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Since the first steps in bariatric surgery were taken some fifty years ago, great strides have been taken to further the precision and accuracy for doctors while maximizing the outcomes for patients.
The Roux-en-y (or RNY) falls under the area of bariatric bypass surgery and is the most common gastric bypass procedure. With this procedure a portion of the stomach is sectioned off, creating a small pouch for reduced food intake. The pouch will usually hold about one ounce of food or less, which causes the feeling of fullness after just a few bites. In short, the RNY procedure reduces the size of your stomach and reroutes the digestive system.
Three major steps are involved in the RNY procedure: first, the stomach is stapled just below the esophagus, forming a 1 ounce stomach pouch above the staples, severely restricting the amount and kind of food or liquid that can be consumed at one time.
The second step includes the division of the small bowel about one foot below the stomach. Then a new 1.5 centimeter opening (stoma) is created in the stomach pouch.
Finally, the open end of the small bowel is attached to the new opening. Food and fluids can now pass from the stomach pouch into the small bowel. The remaining end of the small bowel forms a "Y-shaped" intestinal junction at the base of the stomach. An opening is made to allow digestive juices from the bypassed part of the stomach to flow into the small bowel.
Additionally, the Roux-enY gastric bypass can be performed using both the ”open” and laparoscopic techniques. The laparoscopic method is preferred by doctors and patients alike. Laparoscopic Roux-en-Y gastric bypass is identical to the traditional gastric bypass except that instead of being performed through an incision extending from the lowest aspect of the breastbone to the navel, it is performed through several smaller incisions each measuring about an inch or less in length. Most hospitals’ physicians generally use five small incisions.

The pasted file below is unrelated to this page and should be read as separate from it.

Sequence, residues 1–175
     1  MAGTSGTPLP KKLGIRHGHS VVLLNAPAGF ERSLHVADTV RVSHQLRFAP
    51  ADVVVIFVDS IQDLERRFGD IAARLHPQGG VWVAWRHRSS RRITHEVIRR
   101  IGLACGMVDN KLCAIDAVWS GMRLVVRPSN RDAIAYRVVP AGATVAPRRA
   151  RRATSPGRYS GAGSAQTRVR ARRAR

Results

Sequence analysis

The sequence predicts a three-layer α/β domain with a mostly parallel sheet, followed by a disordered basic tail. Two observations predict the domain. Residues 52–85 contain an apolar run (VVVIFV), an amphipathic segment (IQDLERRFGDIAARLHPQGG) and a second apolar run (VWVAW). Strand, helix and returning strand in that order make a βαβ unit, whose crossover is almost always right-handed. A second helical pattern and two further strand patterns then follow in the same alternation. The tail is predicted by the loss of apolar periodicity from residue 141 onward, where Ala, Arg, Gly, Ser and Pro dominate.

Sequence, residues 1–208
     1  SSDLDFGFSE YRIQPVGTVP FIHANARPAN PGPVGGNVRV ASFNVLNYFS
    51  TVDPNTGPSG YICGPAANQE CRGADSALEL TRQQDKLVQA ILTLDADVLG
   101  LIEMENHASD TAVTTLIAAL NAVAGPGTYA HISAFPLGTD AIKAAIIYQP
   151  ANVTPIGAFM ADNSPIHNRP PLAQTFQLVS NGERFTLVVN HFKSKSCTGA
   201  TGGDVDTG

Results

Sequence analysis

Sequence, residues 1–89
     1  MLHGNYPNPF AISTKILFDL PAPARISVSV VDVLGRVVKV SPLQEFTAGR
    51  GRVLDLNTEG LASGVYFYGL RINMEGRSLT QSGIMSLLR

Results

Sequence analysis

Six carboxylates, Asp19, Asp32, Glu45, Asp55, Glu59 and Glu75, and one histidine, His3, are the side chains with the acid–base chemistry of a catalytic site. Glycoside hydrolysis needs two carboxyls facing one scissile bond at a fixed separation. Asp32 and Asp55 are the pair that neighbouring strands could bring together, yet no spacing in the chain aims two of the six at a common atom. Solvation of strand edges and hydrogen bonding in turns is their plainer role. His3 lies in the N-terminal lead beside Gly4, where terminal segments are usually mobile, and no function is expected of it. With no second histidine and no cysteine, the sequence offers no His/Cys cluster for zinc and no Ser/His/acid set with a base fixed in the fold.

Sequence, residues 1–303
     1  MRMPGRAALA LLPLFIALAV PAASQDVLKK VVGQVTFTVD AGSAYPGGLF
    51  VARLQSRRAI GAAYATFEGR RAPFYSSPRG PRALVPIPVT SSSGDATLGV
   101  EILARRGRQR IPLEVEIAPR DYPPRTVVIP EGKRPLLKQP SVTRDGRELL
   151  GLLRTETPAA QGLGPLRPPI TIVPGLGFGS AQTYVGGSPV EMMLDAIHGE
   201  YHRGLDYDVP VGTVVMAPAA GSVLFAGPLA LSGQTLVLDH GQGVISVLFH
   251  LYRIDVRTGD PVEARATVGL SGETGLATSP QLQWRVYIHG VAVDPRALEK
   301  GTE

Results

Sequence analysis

A laparoscope connected to a video camera is inserted into the abdominal cavity and the surgical field is visualized on high resolution video monitors in the operating room. Long thin surgical instruments are inserted through the other small incisions and the surgeon performs the surgery by watching the video monitor. As in the open procedure a skilled assistant surgeon is also required.
According to the vast majority of health experts and officials, the Roux-en-Y gastric bypass continues to set the standard for bariatric surgery and is the current gold standard procedure for weight loss surgery. It is also one of the most frequently performed weight loss procedures in the United States.
Weight loss commonly reaches 75% of a person’s excess body weight. As in all weight loss surgery, however, the amount of weight loss is not guaranteed. In fact, there is no guarantee that the patient will lose any weight at all. The amount of weight a patient loses depends not only upon the surgery, but also upon what the patient does with the surgery.
The Roux-en-Y procedure is not a cure for morbid obesity; it is merely a tool. Patients have been known to ingest large quantities of high caloric foods that can result in less than satisfactory weight loss. If a patient adheres to the proper dietary guidelines, and if exercise becomes a part of the patient’s regular routine, a substantial weight loss usually results.